Tropical Fish Keeping - Aquarium fish care and resources (http://www.tropicalfishkeeping.com/forum.php)
- Cichlids (http://www.tropicalfishkeeping.com/cichlids/)
- - Blotched Zebra Cichlids? (http://www.tropicalfishkeeping.com/cichlids/blotched-zebra-cichlids-109987/)
Blotched Zebra Cichlids?
So I ran across a local CL ad for 2 blotched zebra cichlids in a 20 gallon tank. I know nothing about these cichlids so I am not sure if that tank is too small or not (I assume it is).
Anyone have these fish? What is their minimum tank size?
Thanks in advance. :)
Minimum would be a 40g Breeder unless they are very small. They get to about 5" when adult, have a relatively aggressive temperament but are very aggressive to their own kind. Males and females are different color, males tend to have more blue but orange males are not unheard of in the trade. Females tend to be more orange with light blue or black blotches.
Are the Orange or Blue blotched?
The pictures of them are really blurry but at least one is orange. The tank is in horrible condition and infested with snails. She says the fish are about an inch that she raised from fry.
Orange will likely be a female but cannot be 100% sure.
40g Breeder is the minimum though I would keep them in as they do get to about 5" and have a bit of an aggression issue though mild for most cichlids.
What if I just kept one, would it be fine in the 20g?
Three (1 male, 2 female) absolutely alone in a 20g is bare minimum with NOTHING else except maybe a BN pleco as a bottom feeder. Any more than this and you need the 40g or bigger tank.
The reason they are better suited to a larger tank is they are messy fish and as such, the water parameters can go downhill very quickly, to the point of it being toxic to the fish.
They are also active swimmers and like to occasionally dart around, well mine did anyway. The 20g tank is not really suited for this given it's length. By the time you add a rock structure, driftwood (for the pleco) you dont have a lot of open swimming area.
Having a larger tank as well, also allows the fish to escape attention when required. Say a male in breeding mode, going after females who are not ready. A male will start chasing females to try and get them to spawn at a young age once he becomes sexually mature. With a 20g tank again, you do not have this room to allow sufficient areas potentially for the fish to escape. You could keep a single fish in a 20g tank but overtime it can become stressed as it has no company and these fish live naturally in small groups or harems anyway.
Naturally Lake Malawi is a rocky sandy bottom lake and as such, you should mimic this in the home aquarium. The fish does grow quite quick as well when fed the correct diet (good quality cichlid flakes, supplemented with a once a week treat of either soft boiled carrots, peas (de-shelled), zucchini and lettuce or a small amount of each).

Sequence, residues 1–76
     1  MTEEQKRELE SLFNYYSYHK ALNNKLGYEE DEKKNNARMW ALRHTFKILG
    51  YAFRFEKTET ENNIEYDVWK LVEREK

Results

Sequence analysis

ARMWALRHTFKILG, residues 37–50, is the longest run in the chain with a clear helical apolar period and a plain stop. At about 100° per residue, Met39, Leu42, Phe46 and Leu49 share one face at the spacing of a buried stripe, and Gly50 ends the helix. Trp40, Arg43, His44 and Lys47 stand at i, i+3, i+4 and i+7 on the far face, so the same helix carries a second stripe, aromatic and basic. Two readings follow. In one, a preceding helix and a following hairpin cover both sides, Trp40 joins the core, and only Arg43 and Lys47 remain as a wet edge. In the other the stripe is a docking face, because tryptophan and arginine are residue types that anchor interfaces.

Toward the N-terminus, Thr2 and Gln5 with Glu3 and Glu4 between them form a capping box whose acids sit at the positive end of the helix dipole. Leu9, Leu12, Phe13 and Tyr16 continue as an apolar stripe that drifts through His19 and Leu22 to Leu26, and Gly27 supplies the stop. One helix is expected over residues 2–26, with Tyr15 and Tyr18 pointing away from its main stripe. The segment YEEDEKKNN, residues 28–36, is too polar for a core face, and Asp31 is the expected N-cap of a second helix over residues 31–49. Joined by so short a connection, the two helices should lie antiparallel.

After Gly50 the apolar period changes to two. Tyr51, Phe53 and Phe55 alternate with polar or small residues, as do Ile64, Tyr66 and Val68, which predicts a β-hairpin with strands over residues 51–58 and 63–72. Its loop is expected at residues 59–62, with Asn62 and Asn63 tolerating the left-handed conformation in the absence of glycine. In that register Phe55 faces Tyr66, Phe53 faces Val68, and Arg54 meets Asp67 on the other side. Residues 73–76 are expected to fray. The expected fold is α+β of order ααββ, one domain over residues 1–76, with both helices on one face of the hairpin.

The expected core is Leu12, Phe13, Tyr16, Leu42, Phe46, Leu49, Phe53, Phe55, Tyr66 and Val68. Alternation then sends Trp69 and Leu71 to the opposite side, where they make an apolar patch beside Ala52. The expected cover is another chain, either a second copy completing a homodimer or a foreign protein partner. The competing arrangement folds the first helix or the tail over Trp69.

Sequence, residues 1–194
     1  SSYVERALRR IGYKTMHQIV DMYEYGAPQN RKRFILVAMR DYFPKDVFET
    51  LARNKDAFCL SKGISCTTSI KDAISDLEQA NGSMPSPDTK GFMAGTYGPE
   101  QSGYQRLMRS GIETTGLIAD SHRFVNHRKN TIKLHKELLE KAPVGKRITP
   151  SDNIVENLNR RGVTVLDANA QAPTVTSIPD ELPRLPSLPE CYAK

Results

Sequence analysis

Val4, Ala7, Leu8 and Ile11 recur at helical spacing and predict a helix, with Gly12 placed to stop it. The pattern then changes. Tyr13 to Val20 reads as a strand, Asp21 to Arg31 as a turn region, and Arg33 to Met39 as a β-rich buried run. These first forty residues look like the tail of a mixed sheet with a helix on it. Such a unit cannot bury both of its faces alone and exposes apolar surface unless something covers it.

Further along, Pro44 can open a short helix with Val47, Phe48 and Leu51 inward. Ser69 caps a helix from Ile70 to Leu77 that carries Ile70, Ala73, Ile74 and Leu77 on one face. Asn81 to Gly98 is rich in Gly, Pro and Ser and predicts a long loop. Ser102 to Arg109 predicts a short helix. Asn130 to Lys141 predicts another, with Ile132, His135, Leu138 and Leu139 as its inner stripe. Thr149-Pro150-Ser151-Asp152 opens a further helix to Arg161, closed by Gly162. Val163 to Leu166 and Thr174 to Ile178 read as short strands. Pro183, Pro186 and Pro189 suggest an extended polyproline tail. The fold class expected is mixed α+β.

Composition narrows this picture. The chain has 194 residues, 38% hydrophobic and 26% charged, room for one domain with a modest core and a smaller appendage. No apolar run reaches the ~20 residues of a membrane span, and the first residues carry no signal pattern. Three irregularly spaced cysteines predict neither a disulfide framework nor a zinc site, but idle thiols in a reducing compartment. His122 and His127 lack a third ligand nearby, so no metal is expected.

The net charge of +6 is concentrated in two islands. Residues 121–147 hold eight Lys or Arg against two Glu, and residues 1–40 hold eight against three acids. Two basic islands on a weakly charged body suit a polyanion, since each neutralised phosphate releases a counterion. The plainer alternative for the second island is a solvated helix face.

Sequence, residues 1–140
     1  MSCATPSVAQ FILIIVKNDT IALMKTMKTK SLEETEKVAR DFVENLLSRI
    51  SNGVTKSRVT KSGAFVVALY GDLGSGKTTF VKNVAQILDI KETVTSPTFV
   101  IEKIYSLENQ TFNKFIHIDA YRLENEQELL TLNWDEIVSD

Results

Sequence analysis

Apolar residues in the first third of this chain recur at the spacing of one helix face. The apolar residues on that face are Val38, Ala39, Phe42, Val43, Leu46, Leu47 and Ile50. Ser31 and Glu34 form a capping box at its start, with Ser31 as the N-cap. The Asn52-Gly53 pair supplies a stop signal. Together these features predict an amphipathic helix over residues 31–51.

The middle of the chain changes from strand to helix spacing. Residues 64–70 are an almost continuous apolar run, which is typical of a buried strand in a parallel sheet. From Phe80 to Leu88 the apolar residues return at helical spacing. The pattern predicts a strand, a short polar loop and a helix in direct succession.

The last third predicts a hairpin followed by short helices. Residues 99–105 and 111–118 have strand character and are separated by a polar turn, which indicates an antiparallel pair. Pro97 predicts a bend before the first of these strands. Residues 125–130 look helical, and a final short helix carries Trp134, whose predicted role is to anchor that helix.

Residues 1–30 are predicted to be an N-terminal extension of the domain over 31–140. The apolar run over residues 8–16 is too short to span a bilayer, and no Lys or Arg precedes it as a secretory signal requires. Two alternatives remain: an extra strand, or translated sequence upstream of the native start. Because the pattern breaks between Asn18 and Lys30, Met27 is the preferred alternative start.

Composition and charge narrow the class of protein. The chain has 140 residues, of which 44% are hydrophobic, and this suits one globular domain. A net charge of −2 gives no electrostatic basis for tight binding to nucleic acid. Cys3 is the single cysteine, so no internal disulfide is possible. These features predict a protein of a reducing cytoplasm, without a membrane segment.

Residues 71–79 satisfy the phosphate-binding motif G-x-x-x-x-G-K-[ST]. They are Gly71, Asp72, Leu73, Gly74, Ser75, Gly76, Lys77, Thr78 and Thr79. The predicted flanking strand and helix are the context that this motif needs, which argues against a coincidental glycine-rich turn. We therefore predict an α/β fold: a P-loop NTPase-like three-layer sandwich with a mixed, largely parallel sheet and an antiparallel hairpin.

40g Breeder tanks are not very expensive but would allow you to keep a group of 5 plus a pleco if you have fairly strong filtration of 10-15 times the tank volume. If you went the 40g route, you would get 1 male to 4 female. Anything different than this has potential problems, I had all males for a while and frequently until I got my now long sold 125g tank, separate the males when they were ready to breed as they get very aggressive to other males, same with the females, if one female matures faster than the others, she will chase the other females. The chasing will not stop until either the male/female actually gets interest from the opposite sex, this can lead to stressed, sick or injured fish or in the case 90% of the time with cichlids - dead fish unfortunately.
Ah I see. I was just wondering because I really like my cichild I have now, plus I wanted to help these little guys out.
Here is the ad:
20 g fish tank w/ two african cichlids $10
BAD idea putting them anywhere near the convict, it will kill them without hesitating and be quite happy of the quick snack.
The convict is also South American whereas the OB's are African, different water parameter requirements.
Looking at the size of the fish in the picture (that tank is very poorly maintained and likely to be stressing the fish), you have some time, at a rough guess around 6-8 months before they would need a larger tank. Again though with a larger tank, they still cannot be kept with the convict, they would need their own tank.
Honest opinion for the cost, I would say go for it, at best you are rescuing the fish from that horrible tank...if you do buy it though, it will need a Bleach clean for a few days to get rid of all the snails unless you dont mind keeping them?
|All times are GMT -5. The time now is 01:24 AM.|
Powered by vBulletin® Version 3.8.8
Copyright ©2000 - 2016, vBulletin Solutions, Inc.
User Alert System provided by Advanced User Tagging (Pro) - vBulletin Mods & Addons Copyright © 2016 DragonByte Technologies Ltd.